What kind of a city manager does Burlington need now?

SwP thumbnail graphicBy Pepper Parr

December 12th, 2018



The chatter amongst those who are worth a second look by Burlington’s city council as they search for a new city manager is revealing.

Several, who would not agree to talk if we named them, wonder if the civic administration can be revived. Total bedlam was the word one possible candidate who assured his colleagues that he would not be applying.

Ridge and Chris Murray - city managers

James Ridge with former Hamilton city manager Chris Murray. Both men moved on; one of his own accord, the other was asked to leave.

Both Hamilton and Burlington are looking for new city managers. Few, if any, possible candidates will apply for both.

What does Burlington need and does what the city needs exist was the question we put to the seven people we talked to.

It doesn’t need someone who has an agenda and knows exactly what the city needs said one.

It does need someone who has already made their mark as a city manager and is ready to take on a task that requires s basically a complete re-build.

Ideally you want someone who can spot talent within the organization and grow it said another who added that it has to be “Someone who can listen and then nurture the talent or know where to look for the talent that will be needed to replace some of the key people that need to move on.”

The answer a candidate should be able to give to the question: What do you want to achieve while you are with us is: Find my replacement.

Holding hands

These seven people will decide who the next city manager should be. If they get it right a lot of the current city hall screw ups can be brought to an end.

Burlington has a new council and they are going to need help in refining the political aspirations each of them brought to the public office they now hold.

They need administrative leadership that can begin the healing of the wounds mid-level staff are working through. Parts of the organization is almost like a zoo totally out of control.

A command and control style will not work.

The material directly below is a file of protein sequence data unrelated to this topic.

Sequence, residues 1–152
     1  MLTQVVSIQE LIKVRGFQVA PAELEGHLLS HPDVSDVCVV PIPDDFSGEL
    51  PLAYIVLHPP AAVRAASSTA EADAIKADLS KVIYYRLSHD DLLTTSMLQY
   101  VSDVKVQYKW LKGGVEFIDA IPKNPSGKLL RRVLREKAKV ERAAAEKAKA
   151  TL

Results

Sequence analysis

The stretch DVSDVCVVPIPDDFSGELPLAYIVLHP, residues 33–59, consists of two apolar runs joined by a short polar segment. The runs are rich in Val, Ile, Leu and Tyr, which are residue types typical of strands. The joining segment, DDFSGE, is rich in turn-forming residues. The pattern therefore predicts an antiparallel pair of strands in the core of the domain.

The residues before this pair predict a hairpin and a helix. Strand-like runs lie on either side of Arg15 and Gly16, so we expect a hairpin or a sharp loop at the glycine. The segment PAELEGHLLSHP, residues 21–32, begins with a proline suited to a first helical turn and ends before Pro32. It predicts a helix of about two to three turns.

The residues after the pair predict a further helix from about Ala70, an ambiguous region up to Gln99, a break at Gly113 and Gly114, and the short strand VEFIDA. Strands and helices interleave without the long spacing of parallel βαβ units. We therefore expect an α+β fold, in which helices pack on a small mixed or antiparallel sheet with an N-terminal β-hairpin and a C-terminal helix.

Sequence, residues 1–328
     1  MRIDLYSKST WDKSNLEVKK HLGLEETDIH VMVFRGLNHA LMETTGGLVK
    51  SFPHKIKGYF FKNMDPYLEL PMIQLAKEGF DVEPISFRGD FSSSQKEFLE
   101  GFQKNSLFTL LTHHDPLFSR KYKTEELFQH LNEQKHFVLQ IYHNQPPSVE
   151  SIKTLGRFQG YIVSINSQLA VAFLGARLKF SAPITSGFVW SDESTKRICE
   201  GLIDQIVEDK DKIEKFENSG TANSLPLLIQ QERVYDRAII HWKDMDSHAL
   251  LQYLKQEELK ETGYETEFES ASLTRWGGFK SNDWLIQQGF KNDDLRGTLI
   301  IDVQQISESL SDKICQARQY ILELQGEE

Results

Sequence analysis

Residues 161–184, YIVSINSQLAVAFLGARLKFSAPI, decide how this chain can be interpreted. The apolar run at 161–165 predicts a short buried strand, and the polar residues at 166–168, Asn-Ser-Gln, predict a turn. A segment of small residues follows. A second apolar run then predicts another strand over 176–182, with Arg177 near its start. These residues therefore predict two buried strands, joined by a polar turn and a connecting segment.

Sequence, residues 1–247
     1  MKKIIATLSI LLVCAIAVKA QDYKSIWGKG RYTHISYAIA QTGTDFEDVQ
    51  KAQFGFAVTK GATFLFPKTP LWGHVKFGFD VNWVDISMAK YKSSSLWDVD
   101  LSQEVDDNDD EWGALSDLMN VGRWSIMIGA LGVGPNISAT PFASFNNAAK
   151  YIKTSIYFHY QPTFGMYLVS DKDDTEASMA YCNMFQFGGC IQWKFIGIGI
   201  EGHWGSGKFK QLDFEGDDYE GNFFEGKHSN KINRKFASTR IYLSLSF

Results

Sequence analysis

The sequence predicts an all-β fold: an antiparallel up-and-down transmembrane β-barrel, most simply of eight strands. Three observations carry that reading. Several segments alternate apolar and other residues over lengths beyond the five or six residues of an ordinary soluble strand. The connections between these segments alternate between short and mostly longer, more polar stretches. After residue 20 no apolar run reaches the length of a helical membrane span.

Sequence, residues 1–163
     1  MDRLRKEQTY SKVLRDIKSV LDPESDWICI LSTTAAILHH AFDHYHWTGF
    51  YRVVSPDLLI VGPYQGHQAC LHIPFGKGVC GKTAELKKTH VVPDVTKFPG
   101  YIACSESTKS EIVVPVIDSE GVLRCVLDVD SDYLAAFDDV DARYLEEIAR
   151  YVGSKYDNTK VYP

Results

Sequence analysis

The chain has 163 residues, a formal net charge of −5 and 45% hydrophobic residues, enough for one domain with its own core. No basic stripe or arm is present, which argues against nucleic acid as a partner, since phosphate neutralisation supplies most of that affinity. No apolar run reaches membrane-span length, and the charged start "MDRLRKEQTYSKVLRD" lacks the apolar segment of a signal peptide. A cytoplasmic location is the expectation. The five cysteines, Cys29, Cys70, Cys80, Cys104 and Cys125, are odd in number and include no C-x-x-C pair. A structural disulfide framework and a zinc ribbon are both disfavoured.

The new city manager has to have the confidence of the elected members – and if that confidence doesn’t exist – they should walk.

There are some organizational changes that should at least be considered. Move the Economic Development Corporation into the Planning department. Economic development is currently in the hands of a group of Hamilton lawyers.

Strategic Plan Workbook

Traditionally Strategic Plans have been for a period of four years.


The Strategic Plan grew to a 25 year plan. There wasn’t much in the way of a vigorous public debate on whether or not this was a good idea.

Does the Strategic Plan that was foisted on the city by the consulting firm the city hired and the aspirations former city manager James Ridge had still make sense?  Traditionally a Strategic Plan is the agenda for a specific council and were four year documents.  Ridge grew that four years to 25 and then attached the Grow Bold concept to it.

Does this council now send the document to the recycle file ?  This council is going to be far too busy to get wrapped up in the long process of re-writing a Strategic Plan.  There are much bigger fish to fry.

The new city manager should have more than just some depth of understanding of how Queen’s Park works – he (or she) needs to be able to counsel and advise the Mayor on how to get the province to work for the city and not be at the mercy of a Premier that tends to act abruptly and really doesn’t know what a conflict of interest is and where he can legitimately exert his authority. The man just cannot be trusted.

Pandoras box

Opening a Pandora’s Box is a process that generates many complicated problems as the result of unwise interference in something.

These are perilous times for the municipal world. It is clear to many who watch the sector that there is going to be more in the way of consolidation. Former Mayor Rick Goldring certainly opened a Pandora ’s Box when he suggested Burlington should annex parts of Waterdown.

In one of his statements former city manager James Ridge spoke of Burlington’s “enviable” reputation as a great city. One can only gulp when reading that statement and looking at the serious problems surrounding the 2100 Brant development that is fraught with serious issues that smack of a total disregard for the public engagement process.

The Mayor has yet to say who will serve as the interim city manager. One would have thought that the Deputy City Manager would almost automatically assume that role. Any suggestions as to why that hasn’t happened?

Mayor Meed Ward was wise to ask her council to think about they think the city should be looking for and what they, individually, want to see put in place to carry out the mandate they have.

Salt with Pepper are the opinions, reflections, observations and musings of the Gazette publisher.

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8 comments to What kind of a city manager does Burlington need now?

  • Roger

    One that will not used taxpayer funded city legal resource to threaten legal actions against citizens for disagreeing with staff